Tom Brady's Ex-Patriots Teammates Discuss QB's 'Jordan-Like' Tendencies, More

Tim Daniels@TimDanielsBRFeatured ColumnistMay 15, 2020

New England Patriots quarterback Tom Brady jogs onto the field before an NFL football game against the Cleveland Browns Sunday, Oct. 9, 2016, in Cleveland. (AP Photo/Ron Schwane)
Ron Schwane/Associated Press

Tom Brady and Michael Jordan each won six championships, but the longtime New England Patriots quarterback's former teammates say comparisons to the NBA GOAT go beyond the number of title rings.

ESPN's Jenna Laine spoke with some of Brady's former Pats teammates after he signed with the Tampa Bay Buccaneers this offseason. The links to Jordan consistently popped up at a time when MJ's legacy is being reviewed during The Last Dance documentary about the 1990s Chicago Bulls, which concludes Sunday night.

Former Patriots lineman Damien Woody discussed the confidence Brady exuded.

"I've never been around somebody in the huddle where you just knew—you just knew there was no way we were gonna lose. He was so prepared. His drive, his will to win—it was Jordan-like. This dude hated to lose, didn't want to lose, and you as a teammate just felt like, 'We need this two-minute drill to go win this game, we got this in the bag.'"

That trait—the hatred of losing, a driving force perhaps even greater than the desire to win—has been attributed to not only Jordan, but many of the best athletes in history.

"It's the biggest factor for me. Like, if I lose, all hell breaks loose, literally. Literally! I go home, I practice harder, I do more," tennis superstar Serena Williams said in 2013. "I don't like to lose. ... I hate losing more than I love winning. It could be a game of cards—I don't like it. I really don't like it."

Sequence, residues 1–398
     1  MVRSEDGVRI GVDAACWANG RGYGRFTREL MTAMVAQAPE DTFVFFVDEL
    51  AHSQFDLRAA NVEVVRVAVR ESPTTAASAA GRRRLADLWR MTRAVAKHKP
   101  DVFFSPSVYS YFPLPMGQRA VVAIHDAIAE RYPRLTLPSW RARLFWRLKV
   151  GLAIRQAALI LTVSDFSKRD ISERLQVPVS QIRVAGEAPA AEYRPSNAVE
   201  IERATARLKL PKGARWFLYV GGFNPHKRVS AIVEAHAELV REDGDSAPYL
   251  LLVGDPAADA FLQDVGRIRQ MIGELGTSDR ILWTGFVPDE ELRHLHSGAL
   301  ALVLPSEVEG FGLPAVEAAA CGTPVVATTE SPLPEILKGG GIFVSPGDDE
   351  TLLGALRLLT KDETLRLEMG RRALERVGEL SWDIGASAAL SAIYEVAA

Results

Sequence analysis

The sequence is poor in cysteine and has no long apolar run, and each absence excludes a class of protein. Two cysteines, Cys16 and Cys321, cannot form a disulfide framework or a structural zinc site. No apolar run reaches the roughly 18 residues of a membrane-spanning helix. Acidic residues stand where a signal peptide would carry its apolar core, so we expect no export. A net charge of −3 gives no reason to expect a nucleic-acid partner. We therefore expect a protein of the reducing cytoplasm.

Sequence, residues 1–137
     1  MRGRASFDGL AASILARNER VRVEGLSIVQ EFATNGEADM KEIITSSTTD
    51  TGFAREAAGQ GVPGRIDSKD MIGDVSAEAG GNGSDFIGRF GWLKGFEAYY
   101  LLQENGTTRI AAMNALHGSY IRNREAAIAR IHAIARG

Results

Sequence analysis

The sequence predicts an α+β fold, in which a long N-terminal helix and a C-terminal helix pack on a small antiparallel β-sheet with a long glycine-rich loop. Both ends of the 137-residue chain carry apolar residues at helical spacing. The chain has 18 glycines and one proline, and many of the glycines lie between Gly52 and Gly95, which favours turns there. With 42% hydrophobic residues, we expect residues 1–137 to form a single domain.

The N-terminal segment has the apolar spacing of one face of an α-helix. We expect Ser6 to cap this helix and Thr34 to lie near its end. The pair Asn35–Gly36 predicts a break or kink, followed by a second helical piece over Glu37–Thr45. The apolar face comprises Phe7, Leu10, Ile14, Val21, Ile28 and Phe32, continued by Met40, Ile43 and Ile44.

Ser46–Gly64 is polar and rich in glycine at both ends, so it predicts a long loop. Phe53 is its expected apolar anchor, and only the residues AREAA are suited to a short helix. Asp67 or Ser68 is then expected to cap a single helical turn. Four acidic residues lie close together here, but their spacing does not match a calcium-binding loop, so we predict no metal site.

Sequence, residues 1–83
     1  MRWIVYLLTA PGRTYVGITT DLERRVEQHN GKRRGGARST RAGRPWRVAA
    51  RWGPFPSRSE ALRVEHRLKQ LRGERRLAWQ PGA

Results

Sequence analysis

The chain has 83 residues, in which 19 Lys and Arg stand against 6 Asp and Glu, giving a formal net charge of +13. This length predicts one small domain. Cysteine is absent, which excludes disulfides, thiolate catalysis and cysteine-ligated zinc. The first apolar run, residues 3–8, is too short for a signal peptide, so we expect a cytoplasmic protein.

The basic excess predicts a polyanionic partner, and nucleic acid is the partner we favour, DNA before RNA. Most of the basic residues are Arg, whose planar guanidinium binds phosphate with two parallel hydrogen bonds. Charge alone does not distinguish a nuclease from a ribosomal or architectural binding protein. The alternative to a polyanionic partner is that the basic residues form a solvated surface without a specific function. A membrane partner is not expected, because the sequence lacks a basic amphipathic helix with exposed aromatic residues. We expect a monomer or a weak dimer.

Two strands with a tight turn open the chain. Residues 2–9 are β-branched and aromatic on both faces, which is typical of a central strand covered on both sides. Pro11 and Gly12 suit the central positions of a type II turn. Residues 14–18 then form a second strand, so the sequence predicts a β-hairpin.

Meanwhile, last Sunday's episodes of The Last Dance spotlighted Jordan's aggressive approach in practice, where he challenged teammates and often directed colorful language toward those he felt weren't competing at a championship level during the workout.

He was shown hurling derogatory remarks toward teammate Scott Burrell, which he explained as his effort to convince a player described as one of the nicest guys in the NBA to reach his full potential. One of the episodes also detailed a fight he got into at a practice with Steve Kerr, who now serves as the Golden State Warriors' head coach.

Former New England wide receiver Donte Stallworth said the level of competitiveness was similar with Brady, who wasn't afraid to push teammates, per Laine.

"Him and Mike Vrabel would go at it all the time. I mean, all the time, Rodney [Harrison], Asante Samuel—they loved jawing at each other," he said. "When people talk about Jordan being competitive—it was the same with Tom Brady."

Stallworth also told Laine about Brady's attention to detail in practice, remembering a two-minute drill that was supposed to wrap up practice but didn't end how the future Hall of Fame quarterback wanted.

"I saw Brady like begging Josh McDaniels, the offensive coordinator, to give us one more chance to go again because he didn't want to end that way. We all knew that was the end of practice, but Brady comes over to all the receivers and was like, 'I wanna go one more. ... We can't end on that s--t.' And it's like, 'What are we gonna say? No?' Of course not."

David Terrell, Brady's teammate at Michigan who was briefly a member of the Patriots in 2005, told Laine the quarterback having to fight for a chance to start for the Wolverines set the stage for everything that came next.

"'F--k everybody'—that's his mental state," Terrell said.